Microsoft, Google earnings shed light on cloud war

While Microsoft currently has a significant lead over Google in the workplace productivity market, the companies' cloud-based offerings are just a small fraction of their businesses. However, both plan to invest heavily in Office 365 and Google for Work in 2016.

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Credit: REUTERS/Fabrizio Bensch

Microsoft and Google are racing to win business customers and build loyalty in the fast-moving business collaboration and productivity markets. In recently released earnings reports, both companies said they plan to accelerate collaboration efforts and related investments in 2016, to capitalize on the enterprise shift to the cloud.

Only 13 percent of businesses currently use either Office 365 or Google for Work, according to new research from Gartner, which means massive opportunities for growth exist for both Microsoft and Google as more businesses switch to cloud services. 

Gartner conducted a study of nearly 40,000 global companies' email routing records and found that 8.5 percent in the sample used Office 365 for cloud-based email and 4.7 percent used Google for Work. The remaining companies surveyed used on-premises, hybrid, hosted or private-cloud email services from smaller vendors, according to Gartner.

Large, regulated businesses give Office 365 an edge 

Microsoft and Office 365 lead Google for Work in the majority of markets, particularly in heavily regulated utilities, and energy and aerospace industries, the report says. Google is beating Microsoft, however, in the software publishing, retail, advertising, media, education, consumer products, food and beverage, and travel industries, according to Gartner. 

"Among public companies using cloud-based email, Microsoft is more popular with larger organizations and has more than an 80 percent share of companies using cloud email with revenue above $10 billion," says Jeffrey Mann, research vice president at Gartner. "Google's popularity is better among smaller companies, approaching a 50 percent share of companies with revenue less than $50 million."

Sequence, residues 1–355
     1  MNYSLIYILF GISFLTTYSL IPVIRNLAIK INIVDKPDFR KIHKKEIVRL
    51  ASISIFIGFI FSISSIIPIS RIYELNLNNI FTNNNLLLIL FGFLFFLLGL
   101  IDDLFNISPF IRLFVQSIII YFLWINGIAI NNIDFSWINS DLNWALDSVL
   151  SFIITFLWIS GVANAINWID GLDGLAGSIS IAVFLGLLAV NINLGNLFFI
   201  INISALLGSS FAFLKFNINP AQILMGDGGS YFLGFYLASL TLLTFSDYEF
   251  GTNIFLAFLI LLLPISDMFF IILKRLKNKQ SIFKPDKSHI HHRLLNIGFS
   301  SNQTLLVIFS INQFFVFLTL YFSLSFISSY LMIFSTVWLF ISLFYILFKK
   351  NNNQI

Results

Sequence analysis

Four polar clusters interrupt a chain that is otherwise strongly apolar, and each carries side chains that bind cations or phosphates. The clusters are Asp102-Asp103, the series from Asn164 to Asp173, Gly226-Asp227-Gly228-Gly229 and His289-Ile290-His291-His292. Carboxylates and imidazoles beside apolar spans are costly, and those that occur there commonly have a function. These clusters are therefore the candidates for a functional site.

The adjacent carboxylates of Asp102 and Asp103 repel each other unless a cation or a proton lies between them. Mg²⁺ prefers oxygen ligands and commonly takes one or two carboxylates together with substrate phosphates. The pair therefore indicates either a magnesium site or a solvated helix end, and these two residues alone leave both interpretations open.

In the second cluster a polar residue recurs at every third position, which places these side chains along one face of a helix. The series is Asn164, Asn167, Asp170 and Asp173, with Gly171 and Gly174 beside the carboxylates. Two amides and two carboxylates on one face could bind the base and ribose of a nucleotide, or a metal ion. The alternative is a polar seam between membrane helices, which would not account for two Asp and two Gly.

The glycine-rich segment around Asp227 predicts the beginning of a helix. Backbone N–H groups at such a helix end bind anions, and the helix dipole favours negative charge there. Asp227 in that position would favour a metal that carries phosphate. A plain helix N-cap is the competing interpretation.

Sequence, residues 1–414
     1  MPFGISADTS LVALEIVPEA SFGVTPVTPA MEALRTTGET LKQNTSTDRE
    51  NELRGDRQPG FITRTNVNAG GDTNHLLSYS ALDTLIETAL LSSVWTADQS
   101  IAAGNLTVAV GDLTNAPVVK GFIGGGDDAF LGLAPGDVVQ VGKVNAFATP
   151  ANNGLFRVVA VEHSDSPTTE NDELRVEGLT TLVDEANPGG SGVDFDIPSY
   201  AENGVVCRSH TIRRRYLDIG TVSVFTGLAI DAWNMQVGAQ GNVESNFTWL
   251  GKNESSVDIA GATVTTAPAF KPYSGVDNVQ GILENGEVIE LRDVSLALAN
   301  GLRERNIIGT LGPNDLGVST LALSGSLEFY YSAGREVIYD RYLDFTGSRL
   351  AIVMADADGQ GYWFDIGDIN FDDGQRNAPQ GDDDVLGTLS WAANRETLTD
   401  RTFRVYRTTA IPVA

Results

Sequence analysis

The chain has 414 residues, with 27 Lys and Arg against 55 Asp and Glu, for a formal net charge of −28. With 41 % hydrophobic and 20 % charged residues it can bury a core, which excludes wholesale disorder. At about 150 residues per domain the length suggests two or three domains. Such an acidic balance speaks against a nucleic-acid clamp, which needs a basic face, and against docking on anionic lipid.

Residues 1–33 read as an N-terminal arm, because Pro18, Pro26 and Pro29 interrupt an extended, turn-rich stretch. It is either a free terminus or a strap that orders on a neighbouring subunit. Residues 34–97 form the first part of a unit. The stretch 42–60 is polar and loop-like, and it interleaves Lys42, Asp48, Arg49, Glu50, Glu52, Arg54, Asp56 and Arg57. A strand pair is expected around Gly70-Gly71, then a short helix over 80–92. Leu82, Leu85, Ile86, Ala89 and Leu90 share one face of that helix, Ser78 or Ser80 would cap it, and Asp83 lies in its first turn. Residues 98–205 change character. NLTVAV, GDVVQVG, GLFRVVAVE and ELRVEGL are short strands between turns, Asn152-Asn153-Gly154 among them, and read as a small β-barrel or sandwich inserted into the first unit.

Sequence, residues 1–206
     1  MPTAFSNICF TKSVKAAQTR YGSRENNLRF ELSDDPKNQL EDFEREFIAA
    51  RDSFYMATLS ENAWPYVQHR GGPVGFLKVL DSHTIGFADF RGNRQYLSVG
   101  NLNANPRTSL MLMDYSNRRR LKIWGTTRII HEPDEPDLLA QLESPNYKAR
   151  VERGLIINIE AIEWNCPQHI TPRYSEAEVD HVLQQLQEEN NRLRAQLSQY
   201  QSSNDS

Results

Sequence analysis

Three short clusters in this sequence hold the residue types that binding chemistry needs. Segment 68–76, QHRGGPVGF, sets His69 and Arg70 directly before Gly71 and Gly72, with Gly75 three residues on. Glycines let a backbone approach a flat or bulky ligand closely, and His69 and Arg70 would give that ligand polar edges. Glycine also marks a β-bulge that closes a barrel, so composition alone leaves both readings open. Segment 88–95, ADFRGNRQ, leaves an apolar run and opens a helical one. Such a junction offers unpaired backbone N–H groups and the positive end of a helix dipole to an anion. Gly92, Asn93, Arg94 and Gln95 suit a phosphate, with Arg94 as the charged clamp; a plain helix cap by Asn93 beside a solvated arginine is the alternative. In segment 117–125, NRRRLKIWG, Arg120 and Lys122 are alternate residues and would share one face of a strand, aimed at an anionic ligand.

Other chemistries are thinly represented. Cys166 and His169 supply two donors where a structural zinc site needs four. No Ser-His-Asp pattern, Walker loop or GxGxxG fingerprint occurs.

Microsoft CEO Satya Nadella recently said the number of Office 365 commercial seats increased by 59 percent year-over-year in 2015, thanks in part to the 80,000 partners who sold Office 365 to small businesses during the company's second quarter of fiscal year 2016, which ended on Dec. 31, 2015. 

Microsoft surpassed 60 million monthly active users (MAU) of Office 365 in the first fiscal quarter of 2016, and Nadella said MAU continued to grow during Q2 but he declined to provide specific numbers. The company's Office 365 consumer subscriber number jumped nearly 13 percent during the last quarter to 20.6 million, according to Microsoft.

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In its earnings report, the company disclosed revenue derived from Office 365 business customers, but it did not specify the total number of business subscribers. However, Bryan Goode, senior director of Office 365 product marketing, said more than 50,000 small businesses subscribed to Office 365 every month during the past 22 consecutive months.

Google CEO says cloud is 'major investment area' 

Google is currently combining its various cloud businesses — Google for Work, Google Apps and the Google Cloud platform — into one division to be run by VMware cofounder and former CEO Diane Greene, who joined Google in November when it acquired her Bebop enterprise application development platform for $380.2 million. 

During the fourth quarter 2015 earnings call this week, Google CEO Sundar Pichai said the company's cloud business is growing steadily and gaining traction among enterprises. "We plan to invest significantly in 2016," he said. "It will be one of our major investment areas."

In November, Google said more than 2 million businesses at that time paid to use its Google for Work productivity suite, but Pichai didn't specify how many businesses or individual subscribers currently use the service. Pichai also said the Google Cloud platform hosts more than 4 million applications.

Google is "very seriously committed to the space," according to Pichai, and it's earning business from retailers, government agencies and large healthcare providers such as Catholic Health Initiatives, which recently announced plans to move more than 100,000 employees to Google for Work.

"As time goes by, I think we are getting very competitive," Pichai said. "We are at a point now where the product is ready to be used at scale, and so I expect to get significant traction in 2016 … There's great buzz at Google around this area, and we continue to heavily ramp up investment here."

This story, "Microsoft, Google earnings shed light on cloud war" was originally published by CIO.

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